Contemplation: witnessing

Paul Donner asked in a comment earlier this week about what I, foolishly perhaps, called the "voice" that your "core" can find in silent sitting and, further, how to distinguish between truth and ego (projection) in such realization, and to give examples of insights and their impact on my life.

Phew. Those are some great, tough questions and I feel very vulnerable writing these lines. Vulnerable to the point of putting off writing this post day after day. 

Not only are these experiences highly personal. But they are also wildly open to interpretation. Modern/rational society is uncomfortable going so deep into the self - because it isn't rational in the empiricist sense. And post-modern/pluralist thought, overly critical of the power structures of organized religion, is quick to deny any hierarchy in actualization. I would indeed ask that you realize that language is key to thought and that all experiences communicated are thus subject to the misunderstandings inherent in communication.

So here it goes.

Perhaps the second most powerful experience of sitting in meditation/contemplation for me has been the experience of what many commentators call "the witness." The best way I've found to describe what it's like is the following:

You're sitting and doing what most practices recommend: initially you focus on your breath or a "sacred" word that allows you to come back to the present. Thought arises, sensation occurs - and you bring it gently back to the here and now. So you're sitting there, just being. Over time (and I mean days, weeks, months), fewer thoughts and emotions and things arise, and you get better at letting them go. You don't drift as much. So far, so Headspace.

But this next bit is powerful for me. As you're sitting there, just being fully present, complete in the now, you gently... take a step back. And now you're contemplating yourself, just sitting there. And it's a very powerful, out-of-body, away-from-all-the-stories-you've-made-up-about-yourself experience. This is important: it's a powerful experiential shift in consciousness or awareness.

And then, of course, the interpretation of what the heck that was starts. And, frankly, that's above my paygrade but I will say this: I believe that part of you that's witnessing is probably as close to "authentic" or "soul" as we can experience in this meatbag. And isn't that a wonderful (and yes: comforting) thing.

How do I know this isn't ego or projection? How do I know that's "truth"? Well, I certainly know that it isn't empirical truth. It may not even be rational truth. But it very clearly is relatable, experiential truth. And if you look at similar experiences that other practitioners have had, I am certainly not alone in my delusions - if that's what they are.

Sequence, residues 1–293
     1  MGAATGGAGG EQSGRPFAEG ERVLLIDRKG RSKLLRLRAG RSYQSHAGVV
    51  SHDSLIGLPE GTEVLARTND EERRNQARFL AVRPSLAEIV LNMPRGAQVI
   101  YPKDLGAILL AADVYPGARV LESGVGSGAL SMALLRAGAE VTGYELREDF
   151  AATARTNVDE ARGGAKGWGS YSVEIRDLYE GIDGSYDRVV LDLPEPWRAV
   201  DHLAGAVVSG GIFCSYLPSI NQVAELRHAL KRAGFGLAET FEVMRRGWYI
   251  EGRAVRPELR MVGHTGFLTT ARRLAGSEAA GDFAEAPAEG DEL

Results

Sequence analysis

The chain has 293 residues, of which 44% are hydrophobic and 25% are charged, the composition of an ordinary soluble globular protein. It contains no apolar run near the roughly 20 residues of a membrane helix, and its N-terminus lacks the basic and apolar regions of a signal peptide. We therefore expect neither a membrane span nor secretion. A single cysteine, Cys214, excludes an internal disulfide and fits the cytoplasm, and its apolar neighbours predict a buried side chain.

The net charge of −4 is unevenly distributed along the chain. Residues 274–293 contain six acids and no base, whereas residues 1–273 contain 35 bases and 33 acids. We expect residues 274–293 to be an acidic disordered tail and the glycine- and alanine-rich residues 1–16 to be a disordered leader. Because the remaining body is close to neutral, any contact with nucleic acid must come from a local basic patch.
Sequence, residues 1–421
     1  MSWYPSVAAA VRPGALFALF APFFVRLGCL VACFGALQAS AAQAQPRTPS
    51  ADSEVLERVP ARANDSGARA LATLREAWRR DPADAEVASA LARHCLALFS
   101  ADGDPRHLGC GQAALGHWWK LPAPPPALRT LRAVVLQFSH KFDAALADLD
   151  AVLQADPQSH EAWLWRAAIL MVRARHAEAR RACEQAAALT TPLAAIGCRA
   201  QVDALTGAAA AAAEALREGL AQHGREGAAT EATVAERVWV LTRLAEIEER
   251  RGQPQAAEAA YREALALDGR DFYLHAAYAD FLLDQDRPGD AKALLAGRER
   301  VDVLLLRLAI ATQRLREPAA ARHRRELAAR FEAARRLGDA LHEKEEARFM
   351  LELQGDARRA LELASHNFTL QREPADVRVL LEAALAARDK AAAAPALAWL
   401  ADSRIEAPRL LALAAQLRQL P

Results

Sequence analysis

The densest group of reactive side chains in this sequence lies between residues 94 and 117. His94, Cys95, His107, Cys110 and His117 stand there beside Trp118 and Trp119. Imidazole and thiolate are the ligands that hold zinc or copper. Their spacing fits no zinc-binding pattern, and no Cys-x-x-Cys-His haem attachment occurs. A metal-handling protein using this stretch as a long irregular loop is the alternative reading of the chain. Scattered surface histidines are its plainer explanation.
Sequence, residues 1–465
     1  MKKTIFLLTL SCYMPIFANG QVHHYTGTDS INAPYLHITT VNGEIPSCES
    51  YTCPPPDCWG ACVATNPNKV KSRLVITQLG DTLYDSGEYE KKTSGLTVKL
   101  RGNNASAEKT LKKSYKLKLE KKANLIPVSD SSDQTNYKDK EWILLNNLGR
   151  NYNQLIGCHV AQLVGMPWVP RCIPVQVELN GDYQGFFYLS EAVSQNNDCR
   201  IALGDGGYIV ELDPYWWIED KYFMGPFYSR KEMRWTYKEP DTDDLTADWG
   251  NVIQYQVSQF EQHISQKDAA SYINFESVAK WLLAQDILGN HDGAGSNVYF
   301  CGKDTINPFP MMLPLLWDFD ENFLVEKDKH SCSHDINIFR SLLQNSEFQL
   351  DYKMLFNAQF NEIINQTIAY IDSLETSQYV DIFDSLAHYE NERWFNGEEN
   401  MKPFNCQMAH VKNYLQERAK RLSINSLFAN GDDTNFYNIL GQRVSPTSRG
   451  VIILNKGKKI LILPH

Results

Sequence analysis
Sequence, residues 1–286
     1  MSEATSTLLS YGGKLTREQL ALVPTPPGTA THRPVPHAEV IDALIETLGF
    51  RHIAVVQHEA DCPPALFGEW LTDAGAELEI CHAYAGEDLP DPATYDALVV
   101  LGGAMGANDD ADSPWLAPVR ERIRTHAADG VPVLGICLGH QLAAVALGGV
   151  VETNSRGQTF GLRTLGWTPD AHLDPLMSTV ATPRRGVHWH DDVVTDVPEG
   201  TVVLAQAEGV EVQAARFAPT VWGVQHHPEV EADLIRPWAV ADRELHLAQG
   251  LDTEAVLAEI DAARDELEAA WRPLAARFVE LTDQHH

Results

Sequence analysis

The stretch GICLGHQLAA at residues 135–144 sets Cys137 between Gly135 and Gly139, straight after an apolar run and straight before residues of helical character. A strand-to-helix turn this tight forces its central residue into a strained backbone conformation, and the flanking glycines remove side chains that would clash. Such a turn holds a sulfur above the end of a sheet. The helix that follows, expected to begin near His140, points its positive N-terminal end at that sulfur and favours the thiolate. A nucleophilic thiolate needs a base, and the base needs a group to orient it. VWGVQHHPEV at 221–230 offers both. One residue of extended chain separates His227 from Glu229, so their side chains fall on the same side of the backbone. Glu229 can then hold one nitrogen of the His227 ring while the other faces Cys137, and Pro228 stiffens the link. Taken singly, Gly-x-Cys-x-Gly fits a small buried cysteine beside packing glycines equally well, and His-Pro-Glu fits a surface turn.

As to what impact it has had on my life: I believe more in an irreducible "Being" principle than I have before. And I won't hesitate in calling that Being "soul" and to propose that everyone has this thing. It's just a matter of dropping the less important stuff. And that means, if we can all experience this reduced form of what it means to "Be Alive", there are significant concordant implications of empathy, compassion, connectedness and, really fundamentally, ethics and morals that result. 

Thanks for hearing me out and - keep practicing.

P.S. Did you read closely? I said "second most powerful experience...for me." Stay tuned. 

The need for silence

Last week I wrote about crazy startup schedules and what is, in my view, their main driver: fear. Since it's Sunday, I thought I'd introduce the antidote: silence.

Silence, and in particular sitting in silence for habitual periods every day, has enormous benefits. For one, silence is the only tool that is able to create discernment in a very loud and very fast world. Secondly, it throws you back on your core - mind, spirit, soul - and asks the fundamental question of who you really are. Thirdly, if you listen in silence long enough, this core will find its voice that you can take back to the world with you. And it lets you gaze at what is in wonder.

For the thinking person, there is no way around giving at least tentative answers to the big, unbearable questions demanded by our existence. The path starts out easy - there are immediate and recognizable benefits from sitting. But it becomes steeper as you go, until you get to that sheer cliff or that abyss and you start to realize that you have to climb or jump and then that it isn't really a mountain and there isn't a path and there isn't an end to this and let me just go back to check Facebook please and thank you. The dark night of the soul awaits. 

All great wisdom traditions advocate sitting in silence: Buddhism with meditation, Christianity with contemplation and centering prayer, Sufi Islam with muraqabah, Judaism with hitbonenut, and many others. You may be more attracted by something more seemingly secular, like using Headspace or learning Westernized Zen. Just note that while the latter two do change consciousness, the interpretation of what has changed is pretty much left entirely up to you. Which seems a pity given that so many have come before us and have thought long and hard about things.